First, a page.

The big topic of discussion was preventing COVID-19 outbreaks in Oklahoma as students begin to return to school, Stitt said. The governor reiterated his preference is for schools to have in-person instruction this year.
“We just have to be very cautious as (students) start going back to school,” Stitt said. State schools Superintendent Joy Hofmeister was in attendance, the governor said.
Birx was complimentary of Oklahoma’s college testing plan, Stitt said. That plan has not been detailed publicly, but it involves ensuring college students get tested for the coronavirus before moving into campus dorms.
Saying Birx is a firm believer in local control, Stitt said she didn’t recommend a statewide mask mandate.
Stitt has refused to implement a statewide mask mandate, saying such an order would be difficult to enforce. But data shows that mask requirements in Oklahoma’s two largest cities are contributing to declines in new coronavirus cases and hospitalizations.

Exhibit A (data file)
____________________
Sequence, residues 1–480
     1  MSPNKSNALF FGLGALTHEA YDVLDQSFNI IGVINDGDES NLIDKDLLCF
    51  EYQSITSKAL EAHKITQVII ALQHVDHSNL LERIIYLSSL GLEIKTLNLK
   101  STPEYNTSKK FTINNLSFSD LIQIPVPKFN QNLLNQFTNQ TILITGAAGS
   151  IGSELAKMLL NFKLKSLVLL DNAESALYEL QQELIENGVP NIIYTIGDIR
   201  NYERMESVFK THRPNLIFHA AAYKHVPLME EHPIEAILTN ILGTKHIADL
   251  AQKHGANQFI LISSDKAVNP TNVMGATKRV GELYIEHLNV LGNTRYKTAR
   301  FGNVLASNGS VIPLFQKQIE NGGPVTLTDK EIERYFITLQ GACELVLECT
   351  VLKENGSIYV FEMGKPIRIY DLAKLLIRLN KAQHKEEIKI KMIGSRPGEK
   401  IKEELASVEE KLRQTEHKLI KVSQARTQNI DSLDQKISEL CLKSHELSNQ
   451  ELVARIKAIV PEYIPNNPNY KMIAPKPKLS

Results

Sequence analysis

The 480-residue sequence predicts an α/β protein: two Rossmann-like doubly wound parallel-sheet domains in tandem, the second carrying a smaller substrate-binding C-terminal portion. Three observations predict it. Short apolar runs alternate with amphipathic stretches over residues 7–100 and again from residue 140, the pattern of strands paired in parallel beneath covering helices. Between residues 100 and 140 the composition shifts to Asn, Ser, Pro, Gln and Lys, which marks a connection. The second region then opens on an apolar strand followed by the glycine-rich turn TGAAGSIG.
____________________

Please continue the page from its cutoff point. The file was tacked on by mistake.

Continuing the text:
“Overall, we thought the visit went very well,” Stitt said. “She was very complimentary of Oklahoma and what we’ve done.”
Others present at the discussion included interim Health Commissioner Lance Frye; Secretary of Health and Mental Health Kevin Corbett; Secretary of Science and Innovation Elizabeth Pollard; First Lady Sarah Stitt; U.S. Rep. Kevin Hern; Senate Pro Tem Greg Treat, R-Oklahoma City; and Rep. Marcus McEntire, who leads a House subcommittee on health.
Stitt partially responded this week to the congressional inquiry from the Select Subcommittee on the Coronavirus Crisis that requested documents pertaining to Oklahoma’s handling of the COVID-19 pandemic and recommendations Stitt’s office received from the White House task force.
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